SEAT (Stop Extraterritorial American Taxation) has announced that they and AARO (Association of Americans Resident Overseas) have filed a joint amicus brief in Moore v. United States, a US Supreme Court case which deals with the Transition Tax. (Amicus curiae refers to an organisation or person that isn’t involved in the litigation, but has expertise in the subject matter and receives the Court’s permission to submit information and arguments in support of one of the parties.) Although the lawsuit involves US residents, this amicus brief explains why Moore is important for overseas Americans.
Reposted with permission from SEAT:
Today SEAT and the Association of Americans Resident Overseas (AARO) joined to file an amicus curiae brief with the U.S. Supreme Court in relation to Charles G. Moore, et al. v. United States (Docket No. 22-800).
SEAT co-founder John Richardson has explained:
SEAT co-founder Karen Alpert blogged about the problems of the “Mandatory Repatriation Tax” being challenged by Moore back when the Tax Cuts & Jobs Act (TCJA) was legislated:
In all of the hearings on [the TCJA], not one Representative or Senator mentioned anything about the applicability of this provision to corporations owned by tax-residents of other countries, for whom the idea of “repatriating” profits to the U.S. is not only absurd, but also a drain on the economy of the country they call home.
The case concerns Charles and Kathleen Moore, who live in Washington State. In 2006 they invested in 13% of an Indian corporation, KisanKraft, created to import, manufacture, and distribute affordable farming equipment in India. The Moores never realized earnings from the investment.
In 2017, the Moores discovered they owed nearly $15,000 in U.S. income tax based on the unrealized earnings of KisanKraft going back to 2006. Believing the “transition tax” (or “repatriation tax”) to be unconstitutional, the Moores took their case to court arguing that because the tax was imposed on accumulated foreign earnings, it was not a tax on income and is therefore unconstitutional under the 16th Amendment. In June 2022, the Ninth Circuit Court of Appeals affirmed the district court’s decision rejecting the challenge. In its decision, the court held that whether income is realized is not a determinative factor regarding the validity of the transition tax.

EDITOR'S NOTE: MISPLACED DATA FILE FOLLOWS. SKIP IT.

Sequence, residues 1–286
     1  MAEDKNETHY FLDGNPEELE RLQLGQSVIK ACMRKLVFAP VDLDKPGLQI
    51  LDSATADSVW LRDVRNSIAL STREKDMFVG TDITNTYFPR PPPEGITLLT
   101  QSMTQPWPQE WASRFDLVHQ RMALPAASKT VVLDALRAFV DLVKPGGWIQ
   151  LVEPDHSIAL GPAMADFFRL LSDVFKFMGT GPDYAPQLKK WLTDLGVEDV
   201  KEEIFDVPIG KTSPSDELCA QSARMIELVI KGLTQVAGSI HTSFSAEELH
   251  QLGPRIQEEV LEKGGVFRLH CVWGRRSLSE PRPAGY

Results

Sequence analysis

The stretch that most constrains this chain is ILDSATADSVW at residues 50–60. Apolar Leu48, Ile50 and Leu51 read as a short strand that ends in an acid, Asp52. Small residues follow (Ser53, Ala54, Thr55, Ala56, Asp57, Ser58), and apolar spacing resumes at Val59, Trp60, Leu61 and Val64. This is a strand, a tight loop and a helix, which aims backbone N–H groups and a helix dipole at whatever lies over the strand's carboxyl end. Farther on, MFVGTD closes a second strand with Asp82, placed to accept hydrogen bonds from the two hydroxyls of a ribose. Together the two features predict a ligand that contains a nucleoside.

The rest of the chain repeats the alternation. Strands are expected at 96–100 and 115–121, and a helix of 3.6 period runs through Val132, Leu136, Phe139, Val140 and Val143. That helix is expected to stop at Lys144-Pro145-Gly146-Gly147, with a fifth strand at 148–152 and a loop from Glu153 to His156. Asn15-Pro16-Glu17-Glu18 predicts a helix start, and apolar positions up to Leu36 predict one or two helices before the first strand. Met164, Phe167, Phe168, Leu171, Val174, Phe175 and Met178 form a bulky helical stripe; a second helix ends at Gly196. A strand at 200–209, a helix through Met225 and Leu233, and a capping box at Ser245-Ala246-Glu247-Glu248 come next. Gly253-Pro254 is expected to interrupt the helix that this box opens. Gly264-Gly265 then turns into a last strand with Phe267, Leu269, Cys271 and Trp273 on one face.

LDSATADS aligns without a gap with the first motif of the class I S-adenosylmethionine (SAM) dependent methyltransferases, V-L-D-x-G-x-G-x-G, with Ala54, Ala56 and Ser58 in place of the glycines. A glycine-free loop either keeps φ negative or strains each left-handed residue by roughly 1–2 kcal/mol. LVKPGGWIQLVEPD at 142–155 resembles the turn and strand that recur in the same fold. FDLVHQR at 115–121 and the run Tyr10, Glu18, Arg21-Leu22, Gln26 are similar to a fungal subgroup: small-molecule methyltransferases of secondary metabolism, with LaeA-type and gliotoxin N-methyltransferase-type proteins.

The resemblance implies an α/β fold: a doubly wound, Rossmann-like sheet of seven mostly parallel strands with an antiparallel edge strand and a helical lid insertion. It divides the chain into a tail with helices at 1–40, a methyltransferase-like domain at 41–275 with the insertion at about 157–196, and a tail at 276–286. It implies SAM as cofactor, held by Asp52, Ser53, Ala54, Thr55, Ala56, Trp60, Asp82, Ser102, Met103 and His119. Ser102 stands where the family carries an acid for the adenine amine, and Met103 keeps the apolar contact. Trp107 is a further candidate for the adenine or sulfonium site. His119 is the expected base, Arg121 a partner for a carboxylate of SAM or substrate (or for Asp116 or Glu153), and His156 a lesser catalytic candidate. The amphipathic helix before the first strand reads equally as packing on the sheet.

In June, 2023 the Supreme Court granted the Moores’ petition for a writ of certiorari – that is, the Court agreed to hear the Moores’ appeal. The Court is expected to hold arguments in the case in December, 2023.
The question posed in granting certiorari is “Whether the Sixteenth Amendment authorizes Congress to tax unrealized sums without apportionment among the states.”
SEAT’s and AARO’s joint amicus brief explains both why Moore is important for overseas Americans and additional grounds upon which the Court may rule in favor of the Moores.
For more information about Moore and its importance – in particular for overseas Americans – see Richardson’s in-depth discussion on his website Citizenship Solutions.
SEAT’s and AARO’s joint brief is available here: